Should you have separate FB groups for customers and prospects?

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Reader Maarten Nieuwkamp asks,

“Do you guys use a separate FB group for your clients and for your ‘free’ followers?”

Thanks for the great question Maarten! I have a strong opinion that counters many people’s actions that I’d like to share.

You should not have a separate group for paying members.

On one hand, as Patrick Umphrey astutely pointed out, there are often topics of conversation that members may be less confident bringing up in large groups. On the other hand, this is not a good enough reason to form an entirely new group and a good support system deals with this issue better than a FB group does.

I’ve carefully weighed the pros and cons from all perspectives: group members, customers, and your own. Here are the main points:

  • Paid groups don’t add value. For the most part, they are a place where people procrastinate, second guess, and compare themselves to others.
  • From a marketing standpoint, you’re cutting yourself off at the hip. If you’re helping people transform, they’ll want to share it. Syphon your customers into a paid group, and they’ll share their success with others customers. Have both prospects and customers in a free group and this sharing of successes is better marketing than you could ever buy. Do it right, and you’ll get new inquires every time somebody posts.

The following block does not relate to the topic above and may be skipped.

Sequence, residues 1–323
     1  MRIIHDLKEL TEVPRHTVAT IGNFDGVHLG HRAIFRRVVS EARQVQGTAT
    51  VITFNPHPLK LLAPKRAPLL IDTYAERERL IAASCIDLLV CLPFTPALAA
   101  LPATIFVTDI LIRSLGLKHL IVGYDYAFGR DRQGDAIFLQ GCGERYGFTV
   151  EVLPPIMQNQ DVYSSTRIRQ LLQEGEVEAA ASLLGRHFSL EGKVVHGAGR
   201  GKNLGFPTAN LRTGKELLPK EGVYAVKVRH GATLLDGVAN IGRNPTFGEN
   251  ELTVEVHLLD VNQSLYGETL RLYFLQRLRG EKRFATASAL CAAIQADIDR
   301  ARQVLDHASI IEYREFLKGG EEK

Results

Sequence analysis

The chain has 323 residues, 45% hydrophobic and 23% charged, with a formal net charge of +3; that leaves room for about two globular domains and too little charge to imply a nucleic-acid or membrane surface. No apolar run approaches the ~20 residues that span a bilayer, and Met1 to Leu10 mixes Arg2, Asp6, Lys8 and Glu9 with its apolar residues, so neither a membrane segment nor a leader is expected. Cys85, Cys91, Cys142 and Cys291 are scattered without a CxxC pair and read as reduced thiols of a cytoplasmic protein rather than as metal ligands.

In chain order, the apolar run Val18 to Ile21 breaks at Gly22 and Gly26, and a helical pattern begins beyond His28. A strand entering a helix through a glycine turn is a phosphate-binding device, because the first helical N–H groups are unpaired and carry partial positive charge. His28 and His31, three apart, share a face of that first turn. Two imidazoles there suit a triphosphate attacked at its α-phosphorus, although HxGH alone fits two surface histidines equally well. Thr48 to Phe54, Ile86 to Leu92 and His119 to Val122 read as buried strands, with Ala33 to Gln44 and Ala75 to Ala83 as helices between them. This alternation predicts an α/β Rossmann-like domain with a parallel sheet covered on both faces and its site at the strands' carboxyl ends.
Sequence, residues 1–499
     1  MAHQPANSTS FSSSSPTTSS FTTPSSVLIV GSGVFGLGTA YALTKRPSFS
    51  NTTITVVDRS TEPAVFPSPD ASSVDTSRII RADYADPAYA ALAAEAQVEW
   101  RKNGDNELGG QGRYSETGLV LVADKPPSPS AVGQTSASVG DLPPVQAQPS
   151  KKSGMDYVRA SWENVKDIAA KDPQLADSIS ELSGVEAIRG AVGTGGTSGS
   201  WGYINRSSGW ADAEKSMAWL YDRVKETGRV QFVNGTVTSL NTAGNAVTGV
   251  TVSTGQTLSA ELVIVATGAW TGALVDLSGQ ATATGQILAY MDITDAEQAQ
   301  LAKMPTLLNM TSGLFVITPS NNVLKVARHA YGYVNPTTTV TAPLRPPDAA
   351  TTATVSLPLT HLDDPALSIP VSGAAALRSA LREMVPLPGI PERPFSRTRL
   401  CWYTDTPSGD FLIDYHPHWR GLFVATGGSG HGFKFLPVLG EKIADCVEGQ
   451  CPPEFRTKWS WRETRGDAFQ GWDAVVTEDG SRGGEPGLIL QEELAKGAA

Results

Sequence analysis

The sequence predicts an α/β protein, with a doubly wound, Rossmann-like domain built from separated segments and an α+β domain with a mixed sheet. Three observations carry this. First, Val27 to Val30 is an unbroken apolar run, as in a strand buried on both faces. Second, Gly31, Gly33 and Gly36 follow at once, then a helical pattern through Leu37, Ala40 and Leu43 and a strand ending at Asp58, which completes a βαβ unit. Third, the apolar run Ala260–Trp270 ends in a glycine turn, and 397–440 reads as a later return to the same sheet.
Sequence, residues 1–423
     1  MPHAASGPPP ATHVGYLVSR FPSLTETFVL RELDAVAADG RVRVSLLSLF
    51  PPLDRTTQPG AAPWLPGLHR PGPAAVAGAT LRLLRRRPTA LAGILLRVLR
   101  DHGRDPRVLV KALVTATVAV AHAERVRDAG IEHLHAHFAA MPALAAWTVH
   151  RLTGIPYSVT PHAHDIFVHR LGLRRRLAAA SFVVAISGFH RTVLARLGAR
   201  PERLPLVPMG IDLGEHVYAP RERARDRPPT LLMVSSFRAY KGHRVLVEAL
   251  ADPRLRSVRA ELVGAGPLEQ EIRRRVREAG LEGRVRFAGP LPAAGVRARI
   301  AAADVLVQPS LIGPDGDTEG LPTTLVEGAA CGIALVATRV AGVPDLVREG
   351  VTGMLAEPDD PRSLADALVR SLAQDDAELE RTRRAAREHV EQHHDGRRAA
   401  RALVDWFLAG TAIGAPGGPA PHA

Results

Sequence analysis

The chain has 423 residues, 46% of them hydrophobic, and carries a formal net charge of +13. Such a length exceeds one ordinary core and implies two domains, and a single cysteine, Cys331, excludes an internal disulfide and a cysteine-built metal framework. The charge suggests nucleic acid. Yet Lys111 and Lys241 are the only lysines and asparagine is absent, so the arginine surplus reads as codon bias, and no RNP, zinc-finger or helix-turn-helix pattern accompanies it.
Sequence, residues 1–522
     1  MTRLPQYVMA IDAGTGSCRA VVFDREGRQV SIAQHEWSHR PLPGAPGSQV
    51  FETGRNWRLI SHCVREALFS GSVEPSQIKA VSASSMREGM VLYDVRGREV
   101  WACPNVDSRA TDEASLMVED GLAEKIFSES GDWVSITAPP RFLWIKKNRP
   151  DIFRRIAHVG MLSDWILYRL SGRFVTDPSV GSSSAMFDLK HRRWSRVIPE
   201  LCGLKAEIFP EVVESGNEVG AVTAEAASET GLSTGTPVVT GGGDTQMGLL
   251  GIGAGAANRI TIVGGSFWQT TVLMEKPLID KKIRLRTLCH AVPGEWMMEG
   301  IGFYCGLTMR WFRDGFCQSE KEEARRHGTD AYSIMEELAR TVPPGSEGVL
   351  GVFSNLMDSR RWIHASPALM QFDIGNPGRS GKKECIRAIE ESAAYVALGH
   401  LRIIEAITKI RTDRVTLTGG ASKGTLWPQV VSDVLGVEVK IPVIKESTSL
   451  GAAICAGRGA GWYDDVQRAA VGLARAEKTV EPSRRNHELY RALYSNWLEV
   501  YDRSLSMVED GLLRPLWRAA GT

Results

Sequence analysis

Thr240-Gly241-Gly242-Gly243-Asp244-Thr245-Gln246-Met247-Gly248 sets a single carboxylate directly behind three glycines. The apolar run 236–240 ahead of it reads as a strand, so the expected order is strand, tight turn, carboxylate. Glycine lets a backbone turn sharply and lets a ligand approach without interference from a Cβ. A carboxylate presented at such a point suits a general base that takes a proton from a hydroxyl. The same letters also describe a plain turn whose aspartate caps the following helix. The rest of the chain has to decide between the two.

• Keep your focus in one place. You’ve got enough to do already. Don’t scatter your efforts further unless absolutely necessary.

When to have more than one group

If you have two distinct demographics that you serve, you should have a group for each. One group should lead to one main product / service. If you have two different products or services, create a group for each not about the thing you sell, but as a community group that supports the people who are the ideal prospect for what you sell.

This is why I have two groups:

Fit Pros Unite – For in-person trainers and gym owners. Sells my books and Fitness Marketing Monthly.

Online Trainers Unite – For online trainers. Sells the Online Trainer Academy and Fitness Marketing Monthly.

What it comes down to is this:

As long as you’ve got a solid, smart, and strategic support system, a Facebook group for paying members isn’t needed. Not only will you be offering better support, you’ll be able to manage your time better, and build a strong marketing asset with a single, free, public group.

Wondering how to offer amazing support to remote clientele?

You’re in luck. Lesson #1 in our free course teaches how to build great support systems for remote training. Click the link below and opt-in to begin that free course today:

–> Click here to begin the free course 

-Coach Jon

P.S. Dennis Smyth asked a good question in response to this:

If you have already created the groups (private and public) how would you maybe approach them after they have been apart of the small group to go back to a large public group?

I see what you are saying but I feel like now that I have created the private group I would be taking away value from the clients I have in there.

–Dennis, if you honestly feel like there’s value being added, keep it the way that it is. My guess is that there isn’t, which makes it a pretty easy decision.

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